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Canadian Cannabis Shortages Spark Post-Legalization Reckoning

Canadian Cannabis Shortages Spark Post-Legalization Reckoning
Photo Gracie Malley for Cannabis Now


Canadian Cannabis Shortages Spark Post-Legalization Reckoning

Nationwide cannabis shortages since Canada went legal last month are causing some provinces to rethink their distribution plans.

Canada’s licensed cannabis suppliers have been struggling to keep enough product in stock in the weeks since legalization hit in on Oct. 17. Now, Alberta’s provincial government has decreed that retailers will no longer be able to order cannabis online in an effort to control supply.

On Nov. 12, the Alberta Gaming, Liquor and Cannabis Authority (AGLC) informed all retailers in the province that they will have to manually order their next shipment. When cannabis went legal on Oct. 17, licensed retailers could place orders with the AGLC online — on a first-come, first-serve basis. But this contributed to what Canada’s Global News wryly called a “chronic shortage” in the province. Of course, it is worth noting the cannabis shortage is only for legal cannabis and the illicit market is still thriving in Canada.

Joshua Vera of the Elevate Cannabis outlet in Edmonton was pictured in the Global News despondently hanging a sign on the door of his business reading “SORRY, WE’RE OUT OF STOCK.” Vera described his stressful experience of the past weeks: “You’re not sleeping much. When something was uploaded to the system, it was a matter of literally seconds before it was gone.”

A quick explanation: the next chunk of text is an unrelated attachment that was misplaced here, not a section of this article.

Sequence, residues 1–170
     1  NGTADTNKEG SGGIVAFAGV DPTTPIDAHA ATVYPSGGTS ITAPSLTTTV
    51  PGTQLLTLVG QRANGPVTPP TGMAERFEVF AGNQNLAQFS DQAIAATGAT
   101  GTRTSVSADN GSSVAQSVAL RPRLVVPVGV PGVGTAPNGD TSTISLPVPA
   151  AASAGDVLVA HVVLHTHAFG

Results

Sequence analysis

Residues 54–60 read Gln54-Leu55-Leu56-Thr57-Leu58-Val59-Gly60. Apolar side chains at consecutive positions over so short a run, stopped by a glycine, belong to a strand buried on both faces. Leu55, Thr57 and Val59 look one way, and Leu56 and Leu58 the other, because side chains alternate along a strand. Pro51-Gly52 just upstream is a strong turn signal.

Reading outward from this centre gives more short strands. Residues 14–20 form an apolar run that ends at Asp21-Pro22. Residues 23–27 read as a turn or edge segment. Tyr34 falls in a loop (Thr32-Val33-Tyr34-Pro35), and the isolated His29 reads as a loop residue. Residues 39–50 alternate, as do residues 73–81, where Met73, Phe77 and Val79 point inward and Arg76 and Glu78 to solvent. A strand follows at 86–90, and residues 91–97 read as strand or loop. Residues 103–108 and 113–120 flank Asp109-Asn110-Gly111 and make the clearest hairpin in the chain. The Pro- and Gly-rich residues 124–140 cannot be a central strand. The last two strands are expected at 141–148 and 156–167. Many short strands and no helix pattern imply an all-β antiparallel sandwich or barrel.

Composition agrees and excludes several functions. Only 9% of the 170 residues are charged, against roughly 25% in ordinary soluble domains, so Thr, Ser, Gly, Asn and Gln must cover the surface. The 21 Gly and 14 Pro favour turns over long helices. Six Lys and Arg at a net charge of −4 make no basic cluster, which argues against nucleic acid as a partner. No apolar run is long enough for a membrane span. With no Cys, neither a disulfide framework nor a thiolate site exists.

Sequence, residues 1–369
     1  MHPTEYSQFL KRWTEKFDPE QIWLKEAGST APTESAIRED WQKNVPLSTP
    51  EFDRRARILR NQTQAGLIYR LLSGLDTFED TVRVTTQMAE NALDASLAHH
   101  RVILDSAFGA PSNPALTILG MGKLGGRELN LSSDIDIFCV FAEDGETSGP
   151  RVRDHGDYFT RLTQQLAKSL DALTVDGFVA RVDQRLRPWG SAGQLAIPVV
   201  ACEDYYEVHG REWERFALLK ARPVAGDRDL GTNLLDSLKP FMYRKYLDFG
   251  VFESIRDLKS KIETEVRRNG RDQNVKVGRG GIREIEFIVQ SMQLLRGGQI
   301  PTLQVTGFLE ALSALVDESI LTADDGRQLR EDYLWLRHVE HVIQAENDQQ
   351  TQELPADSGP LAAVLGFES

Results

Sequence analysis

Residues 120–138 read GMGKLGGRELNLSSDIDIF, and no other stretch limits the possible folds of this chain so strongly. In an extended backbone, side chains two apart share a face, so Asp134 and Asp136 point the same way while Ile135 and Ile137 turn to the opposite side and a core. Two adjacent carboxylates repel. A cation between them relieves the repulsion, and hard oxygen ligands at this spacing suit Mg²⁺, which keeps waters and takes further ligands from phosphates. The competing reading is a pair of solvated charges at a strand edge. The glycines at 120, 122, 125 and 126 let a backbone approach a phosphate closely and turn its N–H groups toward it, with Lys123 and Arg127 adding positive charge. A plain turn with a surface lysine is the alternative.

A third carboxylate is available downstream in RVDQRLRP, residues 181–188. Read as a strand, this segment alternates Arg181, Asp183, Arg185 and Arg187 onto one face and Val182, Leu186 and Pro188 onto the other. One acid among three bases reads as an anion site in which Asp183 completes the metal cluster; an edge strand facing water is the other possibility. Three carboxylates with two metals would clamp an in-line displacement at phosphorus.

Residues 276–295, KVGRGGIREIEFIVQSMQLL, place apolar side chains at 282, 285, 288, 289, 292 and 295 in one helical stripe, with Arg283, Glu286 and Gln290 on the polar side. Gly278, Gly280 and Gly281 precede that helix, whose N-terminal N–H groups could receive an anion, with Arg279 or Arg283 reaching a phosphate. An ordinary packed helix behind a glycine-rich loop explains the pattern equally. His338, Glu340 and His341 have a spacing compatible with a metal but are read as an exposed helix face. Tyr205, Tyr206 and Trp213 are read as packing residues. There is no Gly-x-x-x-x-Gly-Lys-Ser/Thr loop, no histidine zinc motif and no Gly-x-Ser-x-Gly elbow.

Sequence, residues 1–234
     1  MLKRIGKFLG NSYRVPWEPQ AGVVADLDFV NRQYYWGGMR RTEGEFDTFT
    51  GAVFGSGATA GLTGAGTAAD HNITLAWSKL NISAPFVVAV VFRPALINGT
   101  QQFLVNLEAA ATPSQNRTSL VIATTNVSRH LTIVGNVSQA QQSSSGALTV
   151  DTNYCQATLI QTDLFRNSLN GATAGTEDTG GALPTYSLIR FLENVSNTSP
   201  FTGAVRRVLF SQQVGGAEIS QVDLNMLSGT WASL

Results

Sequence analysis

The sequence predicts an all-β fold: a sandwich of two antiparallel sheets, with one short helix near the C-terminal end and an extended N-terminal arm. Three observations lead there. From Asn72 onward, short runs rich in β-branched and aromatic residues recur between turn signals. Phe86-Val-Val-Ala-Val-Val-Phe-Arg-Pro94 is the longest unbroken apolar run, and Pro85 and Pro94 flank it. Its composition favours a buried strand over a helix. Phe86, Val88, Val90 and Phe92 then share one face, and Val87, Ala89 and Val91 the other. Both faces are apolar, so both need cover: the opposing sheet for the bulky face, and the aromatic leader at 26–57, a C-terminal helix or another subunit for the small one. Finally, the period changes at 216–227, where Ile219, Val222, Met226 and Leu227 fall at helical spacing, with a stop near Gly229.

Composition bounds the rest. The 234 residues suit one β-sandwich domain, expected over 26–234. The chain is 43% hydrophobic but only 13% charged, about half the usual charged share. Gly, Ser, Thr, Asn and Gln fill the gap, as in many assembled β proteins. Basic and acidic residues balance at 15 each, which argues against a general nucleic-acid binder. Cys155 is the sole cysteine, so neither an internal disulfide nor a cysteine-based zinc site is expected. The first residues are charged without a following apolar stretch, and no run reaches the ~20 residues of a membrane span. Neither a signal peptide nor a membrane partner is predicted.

The Global News reported that stock was similarly exhausted or rapidly dwindling at most retailers in the Edmonton area (where Alberta’s dispensaries are clustered). Meanwhile, just a few were very well-stocked — presumably, those most adept at gaming the online system. The Fire and Flower retailer indicated it had “lots” of stock at all of its outlets.

AGLC’s Riaz Nejad said, “We’re not aware of any bots being used, we’re just aware of people being online 24/7 basically, trying to order product. And some were successful in achieving that and others were unsuccessful in achieving that.”

Under the new policy, each Monday, retailers will be given 24 hours to manually fill out an order form. The AGLC then divide what product it has among them.

“I think this fair allocation of the inventory will ensure every retailer gets a fair shot at some product instead of some maybe getting more and some getting none,” Nejad said.

Canada Dry: Cannabis Shortages Stretch Across Canada

The cannabis shortages have plagued provinces from British Columbia to the Maritimes. The Canadian Press reports that the province of New Brunswick was forced to temporarily close more than half its stores, while the Quebec Cannabis Corporation (or Société Québécoise du Cannabis) has restricted its store opening hours to four days a week. Labrador’s only cannabis outlet was forced to temporarily close its doors after being without any product for nearly two weeks.